2:09pm

Mon June 3, 2013
Parallels

Calls For Justice For Tiananmen Met With Silence

Originally published on Mon June 3, 2013 7:31 pm

For 24 years, Ding Zilin has sought justice for the death of her 17-year-old son, Jiang Jielian, on June 3, the night before Chinese authorities cracked down on protesters in Beijing's Tiananmen Square. Now, the 76-year-old despairs that she will die before she is allowed to mourn her son on the spot where he was killed. She stands in front of a small shrine to her son in her Beijing home.
Louisa Lim NPR

Ding Zilin has spent the past 24 years on one mission: seeking justice for the death of her son, 17-year-old Jiang Jielian, who was shot in the back by Chinese soldiers on the night of June 3, 1989.

This year, her mood is one of black despair.

"It's possible that before I leave this world, I won't see justice," the frail 76-year-old told me. We're sitting in the living room of her Beijing home, near a shrine to her son that includes a wooden cabinet holding his ashes.

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2:06pm

Mon June 3, 2013
The Salt

Grass: It's What's For Dinner (3.5 Million Years Ago)

Originally published on Mon June 3, 2013 2:49 pm

Some 3.5 million years ago, our ancestors put grass on the menu.
iStockphoto.com

If you could travel back in time about 8 million years, you'd find a creature in an African tree that was the ancestor of all current apes and humans. And that creature in all likelihood would have spent a big part of its day munching leaves and fruit — pretty much what apes eat now.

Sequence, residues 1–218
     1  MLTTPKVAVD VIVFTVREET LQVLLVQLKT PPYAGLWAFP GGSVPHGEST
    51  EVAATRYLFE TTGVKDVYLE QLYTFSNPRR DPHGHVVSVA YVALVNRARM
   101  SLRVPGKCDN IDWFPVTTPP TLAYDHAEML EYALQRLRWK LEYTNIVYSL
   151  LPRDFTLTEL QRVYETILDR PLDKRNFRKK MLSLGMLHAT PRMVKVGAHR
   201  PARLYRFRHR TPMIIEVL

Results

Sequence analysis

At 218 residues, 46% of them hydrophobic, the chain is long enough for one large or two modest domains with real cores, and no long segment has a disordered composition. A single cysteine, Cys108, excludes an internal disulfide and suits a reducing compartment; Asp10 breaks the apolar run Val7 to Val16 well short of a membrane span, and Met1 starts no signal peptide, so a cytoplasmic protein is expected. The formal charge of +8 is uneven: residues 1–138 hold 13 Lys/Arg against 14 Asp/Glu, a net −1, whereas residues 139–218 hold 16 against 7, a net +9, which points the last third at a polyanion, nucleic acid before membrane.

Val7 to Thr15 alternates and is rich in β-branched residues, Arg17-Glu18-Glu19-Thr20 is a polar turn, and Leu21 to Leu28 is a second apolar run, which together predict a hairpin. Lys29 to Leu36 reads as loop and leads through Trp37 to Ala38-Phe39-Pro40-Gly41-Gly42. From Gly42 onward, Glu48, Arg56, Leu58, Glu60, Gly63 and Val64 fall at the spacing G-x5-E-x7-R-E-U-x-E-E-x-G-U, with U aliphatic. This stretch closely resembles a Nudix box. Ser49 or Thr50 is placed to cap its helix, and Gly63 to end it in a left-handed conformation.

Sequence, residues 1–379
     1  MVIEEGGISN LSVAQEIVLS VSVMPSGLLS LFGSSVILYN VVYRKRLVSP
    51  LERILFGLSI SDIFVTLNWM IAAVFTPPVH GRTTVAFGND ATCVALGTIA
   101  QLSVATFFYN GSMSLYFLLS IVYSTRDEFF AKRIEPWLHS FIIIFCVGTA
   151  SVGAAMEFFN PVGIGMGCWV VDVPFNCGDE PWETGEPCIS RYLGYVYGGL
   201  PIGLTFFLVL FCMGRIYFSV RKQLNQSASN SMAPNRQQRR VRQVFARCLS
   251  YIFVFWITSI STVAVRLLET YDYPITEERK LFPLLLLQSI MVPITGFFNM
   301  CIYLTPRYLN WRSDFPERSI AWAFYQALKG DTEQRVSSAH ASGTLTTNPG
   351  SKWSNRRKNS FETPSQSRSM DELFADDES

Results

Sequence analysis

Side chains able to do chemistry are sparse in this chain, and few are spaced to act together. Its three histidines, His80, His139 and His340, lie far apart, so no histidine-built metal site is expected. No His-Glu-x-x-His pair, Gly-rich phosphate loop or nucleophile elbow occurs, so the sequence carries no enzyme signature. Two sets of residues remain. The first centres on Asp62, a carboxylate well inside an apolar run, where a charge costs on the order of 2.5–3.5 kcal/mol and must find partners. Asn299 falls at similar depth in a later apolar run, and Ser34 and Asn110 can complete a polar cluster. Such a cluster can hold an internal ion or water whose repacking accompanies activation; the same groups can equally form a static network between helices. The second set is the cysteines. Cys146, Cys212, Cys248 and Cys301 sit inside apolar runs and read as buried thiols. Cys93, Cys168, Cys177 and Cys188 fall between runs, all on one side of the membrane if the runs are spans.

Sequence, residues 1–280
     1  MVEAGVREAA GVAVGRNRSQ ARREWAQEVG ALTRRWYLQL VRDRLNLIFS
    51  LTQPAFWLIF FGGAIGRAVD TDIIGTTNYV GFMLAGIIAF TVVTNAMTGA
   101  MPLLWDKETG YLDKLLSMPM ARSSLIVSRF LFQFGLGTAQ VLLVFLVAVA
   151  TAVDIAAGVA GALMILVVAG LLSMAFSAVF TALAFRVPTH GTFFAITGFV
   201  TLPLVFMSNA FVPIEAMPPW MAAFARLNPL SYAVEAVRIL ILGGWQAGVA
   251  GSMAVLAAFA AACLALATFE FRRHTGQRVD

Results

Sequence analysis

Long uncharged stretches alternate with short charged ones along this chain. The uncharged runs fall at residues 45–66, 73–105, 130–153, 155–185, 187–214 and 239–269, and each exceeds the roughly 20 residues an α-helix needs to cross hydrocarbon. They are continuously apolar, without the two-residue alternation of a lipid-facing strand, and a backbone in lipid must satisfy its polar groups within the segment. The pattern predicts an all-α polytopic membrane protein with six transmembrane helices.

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1:43pm

Mon June 3, 2013
Local

Medical research in Louisiana will be pared back under federal budget cuts

The head of a nonprofit advocacy group that promotes health research said Louisiana stands to lose millions of dollars in medical research funding due to the across-the-board federal spending cuts known as the sequester. Mary Woolley, president of the Alexandria, Va.-based Research!America, said the National Institutes of Health distributes billions of dollars to universities and research institutions – and the grants are getting scarcer and more competitive.

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1:41pm

Mon June 3, 2013
The Two-Way

Why Chase Tornadoes? To Save Lives, Not To 'Die Ourselves'

Originally published on Tue June 4, 2013 7:10 am

Friday's storm, which produced a mile-wide tornado, as it neared El Reno, Okla.
Richard Rowe Reuters /Landov
  • Josh Wurman on why scientists get close to tornadoes
  • Josh Wurman on how the community is reacting to three storm chasers' deaths

The deaths Friday of veteran storm chaser Tim Samaras, his son Paul and their friend Carl Young when a tornado near El Reno, Okla., pummeled their vehicle has raised some questions:

-- Why do storm chasers do what they do?

-- Do the benefits outweigh the dangers?

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1:09pm

Mon June 3, 2013
It's All Politics

Lautenberg's Death Sets Off New Jersey Senate Scramble

Sen. Frank Lautenberg, D-N.J., died Monday at age 89. He had announced in February that he would not seek re-election in 2014.
Manuel Balce Ceneta AP

The traditionally collegial U.S. Senate was never a natural fit for Frank Lautenberg, the wealthy New Jersey businessman whose headstrong, CEO style could rankle.

But the five-term senator, who died early Monday at age 89, managed to serve as a passionate and able advocate for a tight collection of causes, from gun control and public health to Israel and mass transit.